User Experience Over Time
Product evaluation practices have traditionally been focusing on early interactions. Recent studies and trends in the consumer electronics industry, however, highlight the importance of understanding prolonged use. This chapter presents two studies that inquired into how users’ experiences with interactive products develop over time. The first study assessed the ways in which ten individuals formed overall evaluative judgments of a novel interactive product at two moments in time during the adoption of a product, more precisely, in the first week and after four weeks. The second study followed six individuals through an actual purchase of a novel product and inquired into how their expectations and experiences developed from 1 week before until 4 weeks after the purchase of the product.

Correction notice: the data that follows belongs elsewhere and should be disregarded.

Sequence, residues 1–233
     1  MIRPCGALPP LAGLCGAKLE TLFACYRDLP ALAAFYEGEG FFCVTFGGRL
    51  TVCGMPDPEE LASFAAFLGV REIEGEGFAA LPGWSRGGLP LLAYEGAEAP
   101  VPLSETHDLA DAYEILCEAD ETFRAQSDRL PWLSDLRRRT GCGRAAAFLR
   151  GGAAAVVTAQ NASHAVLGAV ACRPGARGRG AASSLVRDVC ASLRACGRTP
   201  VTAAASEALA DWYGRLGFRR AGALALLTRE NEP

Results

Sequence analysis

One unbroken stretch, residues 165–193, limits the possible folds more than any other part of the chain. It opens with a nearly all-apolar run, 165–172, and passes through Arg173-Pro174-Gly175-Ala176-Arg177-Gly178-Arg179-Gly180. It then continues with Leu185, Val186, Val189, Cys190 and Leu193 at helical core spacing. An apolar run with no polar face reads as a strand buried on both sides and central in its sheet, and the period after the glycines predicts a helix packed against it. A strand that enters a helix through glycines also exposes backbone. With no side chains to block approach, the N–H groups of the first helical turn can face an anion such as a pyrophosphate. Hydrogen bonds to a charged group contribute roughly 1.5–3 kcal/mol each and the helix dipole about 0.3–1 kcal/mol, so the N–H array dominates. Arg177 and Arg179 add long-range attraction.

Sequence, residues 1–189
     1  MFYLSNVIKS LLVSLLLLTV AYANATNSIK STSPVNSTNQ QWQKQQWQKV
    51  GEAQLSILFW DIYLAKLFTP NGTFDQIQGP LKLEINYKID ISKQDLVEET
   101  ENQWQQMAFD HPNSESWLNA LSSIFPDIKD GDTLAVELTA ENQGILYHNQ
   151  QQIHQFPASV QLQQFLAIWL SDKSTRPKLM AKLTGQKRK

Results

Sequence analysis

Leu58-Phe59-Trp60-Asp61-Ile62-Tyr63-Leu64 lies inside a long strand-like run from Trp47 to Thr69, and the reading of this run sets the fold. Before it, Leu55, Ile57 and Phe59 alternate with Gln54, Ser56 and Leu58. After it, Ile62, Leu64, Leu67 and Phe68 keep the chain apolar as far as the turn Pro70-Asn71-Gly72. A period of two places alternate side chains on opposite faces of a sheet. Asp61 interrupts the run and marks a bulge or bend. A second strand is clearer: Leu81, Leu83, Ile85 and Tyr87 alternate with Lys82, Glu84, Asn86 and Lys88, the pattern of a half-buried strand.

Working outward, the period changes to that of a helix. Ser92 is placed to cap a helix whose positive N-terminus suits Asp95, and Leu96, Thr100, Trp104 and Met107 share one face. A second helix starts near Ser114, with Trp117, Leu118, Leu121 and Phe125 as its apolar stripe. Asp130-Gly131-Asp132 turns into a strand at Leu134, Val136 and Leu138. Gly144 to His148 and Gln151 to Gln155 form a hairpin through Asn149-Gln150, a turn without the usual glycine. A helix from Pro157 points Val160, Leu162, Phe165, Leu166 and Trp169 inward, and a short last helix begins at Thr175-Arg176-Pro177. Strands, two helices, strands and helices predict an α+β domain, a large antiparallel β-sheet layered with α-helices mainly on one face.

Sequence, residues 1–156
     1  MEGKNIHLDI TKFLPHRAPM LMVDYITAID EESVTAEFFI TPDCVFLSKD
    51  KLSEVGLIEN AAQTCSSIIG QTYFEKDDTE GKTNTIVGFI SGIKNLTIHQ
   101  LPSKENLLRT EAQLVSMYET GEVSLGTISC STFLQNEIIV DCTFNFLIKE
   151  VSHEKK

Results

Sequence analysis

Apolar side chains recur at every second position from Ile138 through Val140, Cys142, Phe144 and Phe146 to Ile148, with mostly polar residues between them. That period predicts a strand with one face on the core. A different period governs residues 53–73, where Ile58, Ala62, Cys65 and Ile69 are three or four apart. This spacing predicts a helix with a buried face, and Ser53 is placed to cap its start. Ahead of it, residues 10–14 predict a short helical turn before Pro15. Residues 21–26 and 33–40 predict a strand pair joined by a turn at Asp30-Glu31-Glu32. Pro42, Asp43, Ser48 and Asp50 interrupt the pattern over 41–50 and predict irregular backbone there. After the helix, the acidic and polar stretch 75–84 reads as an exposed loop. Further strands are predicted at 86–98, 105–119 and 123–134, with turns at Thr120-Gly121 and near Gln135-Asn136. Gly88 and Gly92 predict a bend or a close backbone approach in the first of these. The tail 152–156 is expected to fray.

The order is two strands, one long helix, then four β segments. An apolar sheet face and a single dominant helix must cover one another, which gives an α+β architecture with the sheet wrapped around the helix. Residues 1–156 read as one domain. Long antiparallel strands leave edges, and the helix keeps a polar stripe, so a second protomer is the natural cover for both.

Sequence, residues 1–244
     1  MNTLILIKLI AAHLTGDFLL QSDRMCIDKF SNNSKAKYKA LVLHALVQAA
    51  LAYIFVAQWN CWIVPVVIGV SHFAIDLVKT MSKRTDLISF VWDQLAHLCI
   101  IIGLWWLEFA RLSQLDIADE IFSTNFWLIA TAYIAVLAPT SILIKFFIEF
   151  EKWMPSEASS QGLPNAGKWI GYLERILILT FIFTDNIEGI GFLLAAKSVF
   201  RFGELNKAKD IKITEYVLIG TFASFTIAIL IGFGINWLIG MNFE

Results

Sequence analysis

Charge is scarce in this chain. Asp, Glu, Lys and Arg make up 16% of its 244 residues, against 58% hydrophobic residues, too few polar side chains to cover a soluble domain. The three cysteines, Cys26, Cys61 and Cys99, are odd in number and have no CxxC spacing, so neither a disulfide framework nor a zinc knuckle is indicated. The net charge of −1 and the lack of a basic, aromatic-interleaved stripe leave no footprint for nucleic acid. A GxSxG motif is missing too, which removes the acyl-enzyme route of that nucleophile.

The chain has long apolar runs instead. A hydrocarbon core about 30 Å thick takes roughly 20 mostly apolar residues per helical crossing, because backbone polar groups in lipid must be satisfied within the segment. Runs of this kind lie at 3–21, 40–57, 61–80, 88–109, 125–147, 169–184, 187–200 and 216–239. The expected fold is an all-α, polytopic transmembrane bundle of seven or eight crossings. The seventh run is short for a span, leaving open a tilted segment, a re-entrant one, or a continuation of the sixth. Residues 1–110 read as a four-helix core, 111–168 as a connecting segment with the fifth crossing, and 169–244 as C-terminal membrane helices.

The chapter attempts two contributions. Firstly, it provides some initial insights into the differences between initial and prolonged experiences in terms of the way users form overall evaluative judgments about a product. Secondly, it raises a number of methodological issues in the assessment of the dynamics of user experience over time. This chapter ends with a proposal for a new approach to the study of the dynamics of experience over time and raises two research questions that will be addressed in chapters 5 and 6 respectively.
KeywordsUser Experience Interactive Product Emotional Attachment Evaluative Judgment Mobile Internet
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